On June 18, 1858, Lakshmibai, the Rani of the princely state of Jhansi and one of the most important figures of India's First War of Independence, died while fighting against the British in Gwalior.
India's freedom struggle had seen many freedom fighters over the years, but the name of Rani Lakshmibai also known as Laxmibai stands out among them. The story of this freedom fighter is the stuff of legend.
Lakshmibai was born on November 19, 1828, in the holy town of Varanasi in a Maharashtrian family. She was named Manikarnika and was affectionately called Mannu by her parents, Morpant Tambe and Bhagirath Bai. Manikarnika lost her mother at the age of four and was raised by her father who worked for a court Peshwa of Bithoor district who brought up Manikarnika like his own daughter. He called her 'Chhabili', which means 'playful'. As a child, Manikarnika was educated at home and along with her academics, she was trained in horse riding, self-defense, archery and shooting targets with a gun.
Manikarnika got married in 1842 to the Maharaja of Jhansi, Raja Gangadhar Rao and was thereafter named Lakshmibai, a name which would go down in history and earn great respect. In 1851 the couple had a baby boy named Damodar Rao but died when he was only 4 months old. After the death of their infant son, the couple adopted the son of Gangadhar Rao's cousin, named Anand Rao who was renamed Damodar Rao, on the day before the Maharaja died. The adoption was in the presence of the British political officer. Raja gave him a letter requesting them to give Lakshmibai the government of Jhansi for the rest of her life.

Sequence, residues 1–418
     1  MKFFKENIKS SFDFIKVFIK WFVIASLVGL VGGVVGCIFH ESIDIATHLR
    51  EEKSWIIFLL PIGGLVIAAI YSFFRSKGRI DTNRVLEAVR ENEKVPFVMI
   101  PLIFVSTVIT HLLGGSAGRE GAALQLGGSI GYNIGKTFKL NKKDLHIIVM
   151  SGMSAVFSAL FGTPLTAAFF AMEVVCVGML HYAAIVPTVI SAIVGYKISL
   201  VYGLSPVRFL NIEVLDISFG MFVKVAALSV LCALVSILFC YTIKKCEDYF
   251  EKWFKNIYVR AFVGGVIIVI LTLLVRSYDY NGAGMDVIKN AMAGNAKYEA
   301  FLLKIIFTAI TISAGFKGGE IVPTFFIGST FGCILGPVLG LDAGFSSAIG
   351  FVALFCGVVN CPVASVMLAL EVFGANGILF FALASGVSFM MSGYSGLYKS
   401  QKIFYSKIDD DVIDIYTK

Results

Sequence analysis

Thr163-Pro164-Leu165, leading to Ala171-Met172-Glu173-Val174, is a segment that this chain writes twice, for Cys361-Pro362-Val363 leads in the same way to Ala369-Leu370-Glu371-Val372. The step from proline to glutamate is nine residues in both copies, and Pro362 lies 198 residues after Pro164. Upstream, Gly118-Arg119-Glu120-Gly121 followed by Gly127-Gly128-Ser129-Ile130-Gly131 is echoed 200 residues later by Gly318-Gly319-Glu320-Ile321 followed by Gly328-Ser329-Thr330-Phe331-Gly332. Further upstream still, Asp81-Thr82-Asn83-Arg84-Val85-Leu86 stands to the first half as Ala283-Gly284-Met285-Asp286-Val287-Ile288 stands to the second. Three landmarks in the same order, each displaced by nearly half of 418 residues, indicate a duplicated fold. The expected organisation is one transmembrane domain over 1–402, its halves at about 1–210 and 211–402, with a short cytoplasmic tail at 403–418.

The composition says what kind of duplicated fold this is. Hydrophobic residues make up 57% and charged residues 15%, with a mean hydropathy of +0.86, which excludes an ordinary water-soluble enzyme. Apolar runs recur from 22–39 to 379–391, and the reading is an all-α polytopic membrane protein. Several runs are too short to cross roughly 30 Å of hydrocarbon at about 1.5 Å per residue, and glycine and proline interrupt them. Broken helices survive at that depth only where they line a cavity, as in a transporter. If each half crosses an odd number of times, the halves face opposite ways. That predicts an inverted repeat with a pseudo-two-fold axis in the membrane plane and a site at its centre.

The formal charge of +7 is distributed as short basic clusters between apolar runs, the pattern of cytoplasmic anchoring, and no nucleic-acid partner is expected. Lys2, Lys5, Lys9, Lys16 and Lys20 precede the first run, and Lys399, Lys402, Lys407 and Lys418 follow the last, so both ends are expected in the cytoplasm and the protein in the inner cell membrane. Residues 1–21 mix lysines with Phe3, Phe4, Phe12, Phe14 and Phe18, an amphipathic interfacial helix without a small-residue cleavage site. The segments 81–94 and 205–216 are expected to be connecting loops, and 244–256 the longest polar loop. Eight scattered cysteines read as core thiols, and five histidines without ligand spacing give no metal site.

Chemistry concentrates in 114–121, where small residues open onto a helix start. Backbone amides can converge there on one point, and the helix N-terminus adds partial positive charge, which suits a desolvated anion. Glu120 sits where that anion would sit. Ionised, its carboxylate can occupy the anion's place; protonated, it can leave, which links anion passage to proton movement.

The British, under Governor-General Lord Dalhousie, applied the Doctrine of Lapse, stating that they would not recognize the adopted child as the legal heir of the Raja and would annex Jhansi to British territory. Rani Laxmibai in the reaction of the unfairness on the part of British regarding her domain consulted a British Lawyer and appealed for the hearing of her case in London. The appeal was turned down. The British seized the state jewels of Jhansi and, in 1854, gave her a pension of Rs. 60,000 and ordered her to leave the palace. She moved into a place called Rani Mahal, which has now been converted into a museum.
Laxmibai began securing her position and formed an army of both men and women who were given military training in fighting a battle.
In May 1857, Indian soldiers were shocked and angry when they found out that the cartridges supplied to them by the East India company were being greased with pork and beef fat to keep them dry. Soldiers had to bite off the paper cartridge containing the gunpowder to load into their rifles. Since pigs are taboo for Muslims and cows sacred to Hindus, the soldiers were extremely unhappy with East India Company. This led to India's first War of Independence breaking out on May 10th 1857.